March 04, 2005

Acceptance Does Not Imply Helplessness

"One of the teachings that has been emphasized by many teachers is that of cceptance. Accepting what is. What exactly does that mean? Does it mean accepting the way things are? Well, yes it does, but it doesn't stop there.

Acceptance is in a sense acknowledging how things are -- without judgment, without negativity, without anger and blame. It is an impartial observation: I see how this is, I acknowledge that this is so. Yet, does it mean that nothing can change? No. It is said that the only constant is change -- in other words, everything is always is a state of change, either growing or disintegrating. There is no such thing as stability, everything is always moving, changing.

So when we accept things as they are, we are simply noticing them, acknowledging that they exist. For example, let's say that your house is dirty. In order to clean it, you first have to accept, acknowledge, admit, that it is dirty. From that observation, you then decide to clean it (or not). In order for things to change, one must first accept, or acknowledge them as they are.

The important part of acceptance is to accept or notice without judgment,criticism, blame, or anger. We seem to have a tendency to attach emotions to our observations, as in, My house is dirty, I'm such a slob or I just can't seem to keep this house clean. It's overwhelming. These statements are charged with judgment and criticism. Acceptance on the other hand simply says, The house is dirty. The next step then becomes simply another step in the observation process, asking what I can do about it -- and then doing it without having beaten myself up about it.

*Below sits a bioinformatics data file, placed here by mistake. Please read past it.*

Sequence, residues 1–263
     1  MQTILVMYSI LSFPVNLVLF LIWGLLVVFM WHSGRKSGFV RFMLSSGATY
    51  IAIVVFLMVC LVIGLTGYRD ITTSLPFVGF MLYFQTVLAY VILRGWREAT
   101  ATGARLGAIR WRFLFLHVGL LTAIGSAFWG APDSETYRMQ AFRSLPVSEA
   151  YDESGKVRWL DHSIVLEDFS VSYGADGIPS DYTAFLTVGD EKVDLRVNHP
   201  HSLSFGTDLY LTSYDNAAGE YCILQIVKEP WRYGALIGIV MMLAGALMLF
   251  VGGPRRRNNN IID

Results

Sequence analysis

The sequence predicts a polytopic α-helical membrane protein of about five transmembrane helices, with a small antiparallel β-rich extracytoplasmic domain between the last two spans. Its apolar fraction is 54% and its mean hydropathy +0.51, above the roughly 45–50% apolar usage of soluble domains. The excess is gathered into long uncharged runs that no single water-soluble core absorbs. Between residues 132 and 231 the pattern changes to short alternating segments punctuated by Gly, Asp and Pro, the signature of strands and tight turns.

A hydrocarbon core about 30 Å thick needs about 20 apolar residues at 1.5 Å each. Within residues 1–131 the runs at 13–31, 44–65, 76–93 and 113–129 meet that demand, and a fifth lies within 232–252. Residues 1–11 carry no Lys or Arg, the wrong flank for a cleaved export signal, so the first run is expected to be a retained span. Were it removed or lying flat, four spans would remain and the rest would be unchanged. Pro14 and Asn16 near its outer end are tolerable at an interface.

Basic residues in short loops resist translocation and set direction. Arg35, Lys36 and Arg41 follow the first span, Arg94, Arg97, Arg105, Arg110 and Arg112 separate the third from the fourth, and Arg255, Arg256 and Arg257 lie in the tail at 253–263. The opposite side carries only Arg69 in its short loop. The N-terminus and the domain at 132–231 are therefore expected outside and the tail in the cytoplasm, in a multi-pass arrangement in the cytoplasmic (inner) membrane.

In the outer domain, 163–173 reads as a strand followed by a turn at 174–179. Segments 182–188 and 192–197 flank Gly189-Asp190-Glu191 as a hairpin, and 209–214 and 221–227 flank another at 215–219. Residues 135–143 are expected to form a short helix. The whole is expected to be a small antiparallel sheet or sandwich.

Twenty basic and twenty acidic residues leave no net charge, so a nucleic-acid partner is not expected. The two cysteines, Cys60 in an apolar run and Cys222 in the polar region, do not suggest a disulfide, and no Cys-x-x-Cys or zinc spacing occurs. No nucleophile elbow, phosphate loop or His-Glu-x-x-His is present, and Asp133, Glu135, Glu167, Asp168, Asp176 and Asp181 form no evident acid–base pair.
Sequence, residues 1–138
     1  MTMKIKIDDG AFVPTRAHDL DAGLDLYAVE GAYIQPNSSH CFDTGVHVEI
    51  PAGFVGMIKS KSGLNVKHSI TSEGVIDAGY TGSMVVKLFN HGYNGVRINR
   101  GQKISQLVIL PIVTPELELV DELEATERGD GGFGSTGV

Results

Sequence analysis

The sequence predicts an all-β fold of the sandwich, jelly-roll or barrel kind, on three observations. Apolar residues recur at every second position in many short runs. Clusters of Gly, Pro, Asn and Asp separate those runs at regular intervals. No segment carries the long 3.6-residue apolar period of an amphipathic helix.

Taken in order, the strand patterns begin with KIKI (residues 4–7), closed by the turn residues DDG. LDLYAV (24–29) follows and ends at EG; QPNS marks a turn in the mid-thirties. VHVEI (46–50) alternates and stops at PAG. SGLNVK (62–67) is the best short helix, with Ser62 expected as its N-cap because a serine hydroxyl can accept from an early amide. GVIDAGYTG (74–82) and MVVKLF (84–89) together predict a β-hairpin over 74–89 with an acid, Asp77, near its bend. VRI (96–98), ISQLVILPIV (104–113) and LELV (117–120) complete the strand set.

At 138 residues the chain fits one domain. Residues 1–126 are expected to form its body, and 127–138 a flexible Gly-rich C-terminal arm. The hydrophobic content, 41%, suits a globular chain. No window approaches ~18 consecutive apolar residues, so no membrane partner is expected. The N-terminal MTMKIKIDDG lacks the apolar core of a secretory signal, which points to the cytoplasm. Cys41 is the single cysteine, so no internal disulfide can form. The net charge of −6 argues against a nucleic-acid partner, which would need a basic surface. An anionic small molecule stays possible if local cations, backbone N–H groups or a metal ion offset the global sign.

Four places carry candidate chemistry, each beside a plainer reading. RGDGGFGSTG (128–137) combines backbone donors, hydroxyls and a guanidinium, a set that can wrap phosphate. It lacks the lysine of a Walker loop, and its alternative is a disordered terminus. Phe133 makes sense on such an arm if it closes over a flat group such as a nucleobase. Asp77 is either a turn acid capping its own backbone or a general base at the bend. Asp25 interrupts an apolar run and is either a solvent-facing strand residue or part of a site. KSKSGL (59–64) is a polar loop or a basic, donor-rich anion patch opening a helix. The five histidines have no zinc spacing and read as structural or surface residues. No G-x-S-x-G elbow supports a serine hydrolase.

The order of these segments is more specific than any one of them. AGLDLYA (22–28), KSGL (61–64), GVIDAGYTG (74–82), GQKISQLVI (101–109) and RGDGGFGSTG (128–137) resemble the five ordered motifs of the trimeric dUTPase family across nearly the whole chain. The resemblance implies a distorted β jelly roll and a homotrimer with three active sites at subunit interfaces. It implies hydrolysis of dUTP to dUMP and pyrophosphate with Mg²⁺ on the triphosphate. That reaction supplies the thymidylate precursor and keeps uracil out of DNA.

Yet, so many times, we get angry when we notice behaviors that we have, or that others have. Noticing in itself is impartial -- we simply notice, we are aware of something. But the next step is the one that gets us in trouble -- the part where we attach a judgment to the observation. We look at something and then get into criticizing it, blaming someone, heaping anger upon it. Then we get caught up in focusing on "the problem" and noticing all the things we don't like about it, everything that is "wrong with it".

Acceptance, or non-judgment, on the other hand also notices these things but without the added charge of anger, blame, self-righteousness, etc. Acceptance sees what is, and then goes on to ask if there is anything that can be done. If the answer is yes, then we can move forward..."

Read the rest of this article by Marie T Russell here.

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